Additionally, despite a generally high number of Americans who think the Bible is sacred, there’s also a fairly high proportion of Americans who at least somewhat agree the Bible, the Quran and the Book of Mormon are all different expressions of the same spiritual truths. Nearly half of Americans agree with that statement (31 percent of Americans agree somewhat, while 16 percent agree strongly), which hasn’t significantly changed since 2011.

Barna also looked at the success of “The Bible,” the TV miniseries produced by Roma Downey and her husband, Mark Burnett, whose premiere episode was the highest entertainment broadcast of 2013 with 13.1 million viewers, according to Nielsen ratings.

The research shows a majority of Americans have heard of the series and 42 percent of adults report watching at least a portion of the programming. Although active Christians are among the most likely group to watch the miniseries, the study shows that 27 percent of non-Christian adults have tuned in to some part of the series.

Overall, seven out of ten viewers (69 percent) say the miniseries gave them a “surprise or new discovery” about the Bible that they didn’t know before watching. Among those segments most likely to report such insights are young adult viewers.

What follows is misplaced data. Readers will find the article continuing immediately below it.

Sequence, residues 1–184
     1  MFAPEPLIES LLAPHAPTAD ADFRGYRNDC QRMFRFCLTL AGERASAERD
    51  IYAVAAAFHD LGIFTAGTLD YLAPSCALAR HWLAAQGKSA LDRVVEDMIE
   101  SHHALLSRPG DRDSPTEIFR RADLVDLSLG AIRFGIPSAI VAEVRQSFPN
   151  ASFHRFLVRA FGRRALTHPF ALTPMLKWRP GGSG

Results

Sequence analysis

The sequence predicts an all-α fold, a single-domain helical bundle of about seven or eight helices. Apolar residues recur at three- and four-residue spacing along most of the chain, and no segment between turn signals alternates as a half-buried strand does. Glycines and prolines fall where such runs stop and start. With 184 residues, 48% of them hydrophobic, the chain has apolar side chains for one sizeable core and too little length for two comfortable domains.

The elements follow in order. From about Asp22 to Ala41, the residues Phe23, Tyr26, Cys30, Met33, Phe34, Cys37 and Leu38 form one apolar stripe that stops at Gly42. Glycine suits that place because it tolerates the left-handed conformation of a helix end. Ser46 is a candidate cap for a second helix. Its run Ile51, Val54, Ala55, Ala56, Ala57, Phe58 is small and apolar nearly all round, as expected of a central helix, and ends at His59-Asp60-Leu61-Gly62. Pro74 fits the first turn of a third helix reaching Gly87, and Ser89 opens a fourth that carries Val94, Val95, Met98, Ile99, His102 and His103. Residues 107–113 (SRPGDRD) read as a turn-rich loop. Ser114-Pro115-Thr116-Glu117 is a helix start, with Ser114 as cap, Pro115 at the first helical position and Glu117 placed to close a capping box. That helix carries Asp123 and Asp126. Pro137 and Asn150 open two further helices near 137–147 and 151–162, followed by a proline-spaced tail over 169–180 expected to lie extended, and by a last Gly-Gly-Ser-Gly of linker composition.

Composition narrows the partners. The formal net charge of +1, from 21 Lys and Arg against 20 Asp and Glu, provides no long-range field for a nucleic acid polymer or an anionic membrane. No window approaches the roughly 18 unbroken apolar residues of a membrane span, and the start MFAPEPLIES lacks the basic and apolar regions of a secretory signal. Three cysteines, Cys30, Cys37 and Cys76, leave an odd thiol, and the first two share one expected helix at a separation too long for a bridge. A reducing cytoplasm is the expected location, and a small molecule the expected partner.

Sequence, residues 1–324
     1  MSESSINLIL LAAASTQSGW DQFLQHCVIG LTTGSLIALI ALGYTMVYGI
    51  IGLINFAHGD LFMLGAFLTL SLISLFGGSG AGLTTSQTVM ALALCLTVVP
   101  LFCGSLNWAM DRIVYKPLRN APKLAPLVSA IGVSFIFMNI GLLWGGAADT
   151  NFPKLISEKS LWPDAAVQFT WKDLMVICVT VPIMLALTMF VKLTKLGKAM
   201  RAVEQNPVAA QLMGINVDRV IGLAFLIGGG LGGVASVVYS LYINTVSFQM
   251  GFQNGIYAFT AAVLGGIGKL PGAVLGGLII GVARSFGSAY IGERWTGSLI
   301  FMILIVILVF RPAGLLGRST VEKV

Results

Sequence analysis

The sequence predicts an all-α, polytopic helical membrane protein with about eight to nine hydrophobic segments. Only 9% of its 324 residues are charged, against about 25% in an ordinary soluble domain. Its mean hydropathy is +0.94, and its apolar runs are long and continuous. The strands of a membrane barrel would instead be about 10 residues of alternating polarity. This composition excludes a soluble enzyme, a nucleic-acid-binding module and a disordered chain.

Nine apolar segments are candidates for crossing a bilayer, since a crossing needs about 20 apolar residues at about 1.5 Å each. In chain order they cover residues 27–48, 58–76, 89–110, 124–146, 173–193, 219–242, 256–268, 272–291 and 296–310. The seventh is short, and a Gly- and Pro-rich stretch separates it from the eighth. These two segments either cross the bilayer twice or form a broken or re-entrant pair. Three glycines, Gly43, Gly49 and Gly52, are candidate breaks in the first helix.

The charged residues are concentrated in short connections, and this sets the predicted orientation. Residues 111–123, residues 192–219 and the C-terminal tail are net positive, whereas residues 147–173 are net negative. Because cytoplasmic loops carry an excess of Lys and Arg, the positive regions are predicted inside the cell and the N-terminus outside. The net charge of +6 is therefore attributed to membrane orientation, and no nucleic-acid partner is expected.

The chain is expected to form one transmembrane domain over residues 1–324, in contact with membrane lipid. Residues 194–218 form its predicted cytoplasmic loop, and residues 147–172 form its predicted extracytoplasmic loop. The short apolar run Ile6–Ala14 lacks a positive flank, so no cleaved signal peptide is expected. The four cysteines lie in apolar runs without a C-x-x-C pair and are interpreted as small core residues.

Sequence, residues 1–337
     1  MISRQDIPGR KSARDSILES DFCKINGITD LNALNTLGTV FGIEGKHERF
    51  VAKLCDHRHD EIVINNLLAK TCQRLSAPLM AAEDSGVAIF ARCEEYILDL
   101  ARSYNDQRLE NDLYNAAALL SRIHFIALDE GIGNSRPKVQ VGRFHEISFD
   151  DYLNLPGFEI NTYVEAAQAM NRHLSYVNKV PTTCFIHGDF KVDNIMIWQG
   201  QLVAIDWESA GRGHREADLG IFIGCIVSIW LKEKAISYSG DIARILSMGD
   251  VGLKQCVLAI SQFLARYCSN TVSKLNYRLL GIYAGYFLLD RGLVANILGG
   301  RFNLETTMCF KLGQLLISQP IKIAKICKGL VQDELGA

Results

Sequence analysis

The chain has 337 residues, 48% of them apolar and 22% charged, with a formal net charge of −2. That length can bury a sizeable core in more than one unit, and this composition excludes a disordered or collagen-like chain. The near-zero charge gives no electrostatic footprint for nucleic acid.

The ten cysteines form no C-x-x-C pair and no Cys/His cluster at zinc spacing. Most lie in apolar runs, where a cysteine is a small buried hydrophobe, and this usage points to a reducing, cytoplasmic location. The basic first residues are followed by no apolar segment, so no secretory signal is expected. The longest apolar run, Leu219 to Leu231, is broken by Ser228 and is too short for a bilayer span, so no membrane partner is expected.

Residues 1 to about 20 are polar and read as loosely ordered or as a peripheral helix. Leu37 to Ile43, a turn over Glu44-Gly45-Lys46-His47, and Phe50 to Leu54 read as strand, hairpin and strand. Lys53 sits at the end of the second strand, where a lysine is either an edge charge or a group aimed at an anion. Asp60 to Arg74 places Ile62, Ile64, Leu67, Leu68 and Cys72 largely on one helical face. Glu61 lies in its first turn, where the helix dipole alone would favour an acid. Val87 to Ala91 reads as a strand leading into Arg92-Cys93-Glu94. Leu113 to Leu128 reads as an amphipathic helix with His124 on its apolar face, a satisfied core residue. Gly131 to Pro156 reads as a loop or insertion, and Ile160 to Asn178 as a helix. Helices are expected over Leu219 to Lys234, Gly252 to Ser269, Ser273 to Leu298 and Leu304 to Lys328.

“Bringing the Bible to the screen came with a huge responsibility and one we took very seriously,” Downey said on “The O’Reilly Factor March 3. “We had a great team of scholars and theologians helping us, making sure that we told these stories accurately and truthfully.”

“I’ve been a believer my whole life, and that was very, very important to us,” she added.

"Touched by an Angel" star Roma Downey portrays Jesus' mother Mary in a scene from "The Bible."

But when the program debuted, it was obvious there were glaring additions made to the TV show that are never mentioned in the Bible.

With the first episode focusing on the events in Genesis and Exodus, the first major non-biblical entry was the inclusion of an angel turning into a Ninja-style warrior wielding two swords and embarking on an expertly choreographed, slow-motion stabbing spree to slay the wicked men of Sodom, as can be seen in the following video clip:

According to the Old Testament, angels merely struck the citizens of Sodom with blindness before God firebombed the entire city. The TV series did include those elements as well. The show, however, did not mention the rampant homosexuality in Sodom, or that the city’s men actually sought to have sex with the angels. (Genesis 19:5)

When Downey and Burnett were being interviewed by Bill O’Reilly of the Fox News Channel on Thursday, O’Reilly told Burnett, “Look, a lot of the Bible, Mr. Burnett, is allegorical, and we know that in creationism and things like that.”

O’Reilly also claimed, “There are some contradictions among Matthew, Mark, Luke and John.”

He defended his remarks the following evening after getting email objecting to his assertions:

  • Text smaller
  • Text bigger
Note: Read our discussion guidelines before commenting.